SHIRLEY -- The new police chief plans to continue to do what he has done for the past 14 years: serve the community.
"We're not law enforcement officers," Chief Samuel Santiago said. "We're police officers."
"Our focus is the taxpayers," Santiago added. "Who pays your salary?"
The department deals with everything from speeding complaints to issuing permits for door-to-door solicitors. Educating residents, especially senior citizens, is a priority.
"We're here to protect and serve," he said.
The 14-year veteran was appointed chief in July. He became acting chief in February when former chief Thomas Golden was placed on paid administrative leave during an investigation.
The chief's office was still being prepped for its new occupant the first week in August. The walls of the sergeant's office he was still using were covered with evidence of his varied interests.
Shadow boxes with badges he has found while antiquing hung beside motorcycle memorabilia. A double photograph of his daughter was behind his desk.
He wants people to get to know him and the other members of the police force.
"We have to build relations with the community," he said. June's police and pizza night is just one way that Santiago plans to connect with the community.
He plans to hold coffee with a cop or coffee with the chief to give residents a chance to come in and chat.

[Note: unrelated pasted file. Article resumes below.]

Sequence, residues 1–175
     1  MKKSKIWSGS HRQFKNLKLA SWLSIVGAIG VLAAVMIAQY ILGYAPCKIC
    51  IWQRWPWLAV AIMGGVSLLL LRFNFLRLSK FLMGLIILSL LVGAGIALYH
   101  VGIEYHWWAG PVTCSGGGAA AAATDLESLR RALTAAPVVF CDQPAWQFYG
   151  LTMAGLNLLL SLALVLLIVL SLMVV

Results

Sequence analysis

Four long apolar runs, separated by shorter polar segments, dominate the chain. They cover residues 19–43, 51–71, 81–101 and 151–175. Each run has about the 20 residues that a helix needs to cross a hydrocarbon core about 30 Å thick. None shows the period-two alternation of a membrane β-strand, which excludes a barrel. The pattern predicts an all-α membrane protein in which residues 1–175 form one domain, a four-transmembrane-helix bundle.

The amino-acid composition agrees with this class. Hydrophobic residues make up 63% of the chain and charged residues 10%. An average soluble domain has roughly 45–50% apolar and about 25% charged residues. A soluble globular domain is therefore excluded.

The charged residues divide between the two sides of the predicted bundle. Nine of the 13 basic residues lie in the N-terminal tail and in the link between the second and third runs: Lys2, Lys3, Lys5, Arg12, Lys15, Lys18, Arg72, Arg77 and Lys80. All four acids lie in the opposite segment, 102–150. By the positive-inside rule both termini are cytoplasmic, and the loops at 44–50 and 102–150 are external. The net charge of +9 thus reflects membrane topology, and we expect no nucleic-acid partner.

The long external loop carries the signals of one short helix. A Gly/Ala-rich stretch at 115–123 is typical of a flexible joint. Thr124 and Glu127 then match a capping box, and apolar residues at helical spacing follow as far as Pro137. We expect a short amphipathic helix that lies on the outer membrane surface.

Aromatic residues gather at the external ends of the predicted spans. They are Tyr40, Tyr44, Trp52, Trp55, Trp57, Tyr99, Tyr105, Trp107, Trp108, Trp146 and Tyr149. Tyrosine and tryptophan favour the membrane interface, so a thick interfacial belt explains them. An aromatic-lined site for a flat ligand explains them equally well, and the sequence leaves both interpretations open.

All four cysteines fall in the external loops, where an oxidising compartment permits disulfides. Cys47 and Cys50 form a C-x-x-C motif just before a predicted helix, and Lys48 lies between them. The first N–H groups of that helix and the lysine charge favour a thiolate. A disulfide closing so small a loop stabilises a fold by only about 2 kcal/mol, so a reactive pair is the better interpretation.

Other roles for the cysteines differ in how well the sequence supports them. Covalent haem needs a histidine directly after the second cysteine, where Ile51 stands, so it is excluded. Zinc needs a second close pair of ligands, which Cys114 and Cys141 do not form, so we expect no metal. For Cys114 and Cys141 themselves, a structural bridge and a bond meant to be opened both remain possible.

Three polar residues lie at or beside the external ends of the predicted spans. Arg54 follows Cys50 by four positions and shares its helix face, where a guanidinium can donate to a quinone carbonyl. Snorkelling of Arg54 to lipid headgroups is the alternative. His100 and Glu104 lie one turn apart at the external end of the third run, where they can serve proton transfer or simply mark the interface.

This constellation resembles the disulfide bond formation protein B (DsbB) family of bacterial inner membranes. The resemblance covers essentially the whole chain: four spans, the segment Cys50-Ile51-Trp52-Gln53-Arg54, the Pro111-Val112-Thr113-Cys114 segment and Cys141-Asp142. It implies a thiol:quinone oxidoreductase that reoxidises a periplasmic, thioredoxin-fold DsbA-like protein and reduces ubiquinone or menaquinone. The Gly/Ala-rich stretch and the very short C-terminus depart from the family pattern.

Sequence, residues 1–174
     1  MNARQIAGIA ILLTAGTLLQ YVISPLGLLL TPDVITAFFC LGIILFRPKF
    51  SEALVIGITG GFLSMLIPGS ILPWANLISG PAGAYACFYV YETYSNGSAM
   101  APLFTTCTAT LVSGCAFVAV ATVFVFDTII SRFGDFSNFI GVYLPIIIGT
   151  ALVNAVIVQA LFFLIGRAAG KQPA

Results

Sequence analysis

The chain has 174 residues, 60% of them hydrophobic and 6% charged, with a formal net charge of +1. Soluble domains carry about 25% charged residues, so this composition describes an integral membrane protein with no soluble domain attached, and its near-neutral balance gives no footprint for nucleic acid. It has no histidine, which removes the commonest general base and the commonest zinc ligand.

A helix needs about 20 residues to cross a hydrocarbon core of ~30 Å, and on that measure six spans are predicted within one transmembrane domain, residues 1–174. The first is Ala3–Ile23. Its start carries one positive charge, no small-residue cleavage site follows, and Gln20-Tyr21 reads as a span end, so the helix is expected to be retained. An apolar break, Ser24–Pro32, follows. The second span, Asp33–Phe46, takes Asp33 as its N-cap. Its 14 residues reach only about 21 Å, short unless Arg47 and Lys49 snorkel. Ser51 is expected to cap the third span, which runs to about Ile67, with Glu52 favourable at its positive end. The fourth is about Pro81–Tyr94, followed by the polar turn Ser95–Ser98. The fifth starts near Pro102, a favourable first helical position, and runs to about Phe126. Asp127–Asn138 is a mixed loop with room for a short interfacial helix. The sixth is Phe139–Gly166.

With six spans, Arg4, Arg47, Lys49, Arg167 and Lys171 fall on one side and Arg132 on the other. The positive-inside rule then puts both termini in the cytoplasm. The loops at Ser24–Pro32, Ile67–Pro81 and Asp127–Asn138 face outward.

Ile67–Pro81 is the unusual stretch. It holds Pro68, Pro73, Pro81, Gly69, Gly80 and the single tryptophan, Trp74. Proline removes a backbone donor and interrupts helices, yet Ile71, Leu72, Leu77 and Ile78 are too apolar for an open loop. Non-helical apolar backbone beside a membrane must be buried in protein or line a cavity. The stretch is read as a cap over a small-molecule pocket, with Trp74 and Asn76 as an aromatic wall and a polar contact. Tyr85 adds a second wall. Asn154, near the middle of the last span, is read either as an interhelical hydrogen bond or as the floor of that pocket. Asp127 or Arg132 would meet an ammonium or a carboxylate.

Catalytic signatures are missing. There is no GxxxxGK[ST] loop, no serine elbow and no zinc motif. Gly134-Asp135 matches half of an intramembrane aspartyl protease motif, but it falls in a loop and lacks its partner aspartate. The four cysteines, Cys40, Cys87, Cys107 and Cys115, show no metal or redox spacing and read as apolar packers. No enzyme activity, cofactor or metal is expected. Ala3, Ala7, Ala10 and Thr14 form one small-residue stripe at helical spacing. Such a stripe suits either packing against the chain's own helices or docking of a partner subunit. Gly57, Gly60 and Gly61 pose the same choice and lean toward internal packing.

"It doesn't have to be the problem of the day," he said. Someone might want to come in and just talk motorcycles, a particular interest of 44-year-old Santiago.
His earliest experiences highlight the importance of good policing and community relations.
As a child, the Worcester resident lived in Great Brook Valley, a community where many distrusted and feared the police. In 1979, when his uncle Angel Rosario was on the Housing Authority Police, the housing project erupted in a riot.
His uncle is now the director of public safety for the Worcester Housing Authority.
Santiago pointed out a tie between his family and the town he serves. Rosario was a classmate of retired Shirley Chief Paul Thibodeau at the Worcester Police Academy. Thibodeau retired in 2009.
Santiago's family later moved within Worcester and his mother and grandmother remain in the city. He has two children, Marcelle, 19 and 16-year-old Yasmin.
Family and his heritage is important to Santiago. His mother was born in Puerto Rico. He knows he is the only Latino chief in central Massachusetts and thinks he might be the only one in Middlesex county.
When asked if he was the first in his family to graduate from college, he first mentioned his 35 cousins. Among his siblings, he is the first graduate.
He also speaks the best Spanish among the cousins, he said. His mastery of his childhood tongue means that other communities call on him to translate.
Santiago is heading a department that has faced turmoil over the past year. He plans to work on repairing relationships within the department.
Goulden, the former chief, resigned in June after months of paid administrative leave. Sgt. Alfreda Cromwell was demoted and then fired by the Board of Selectmen after allegations of misbehavior in November.
Her claims of discrimination resulted in a probe of the former chief.
The department faces another challenge; it is short staffed. There is no sergeant and a patrol officer position is vacant.
"We have to get past everything," Santiago said. "It's time to move forward. With me, you know what you get."
Follow Anne O'Connor on Twitter @a1oconnor.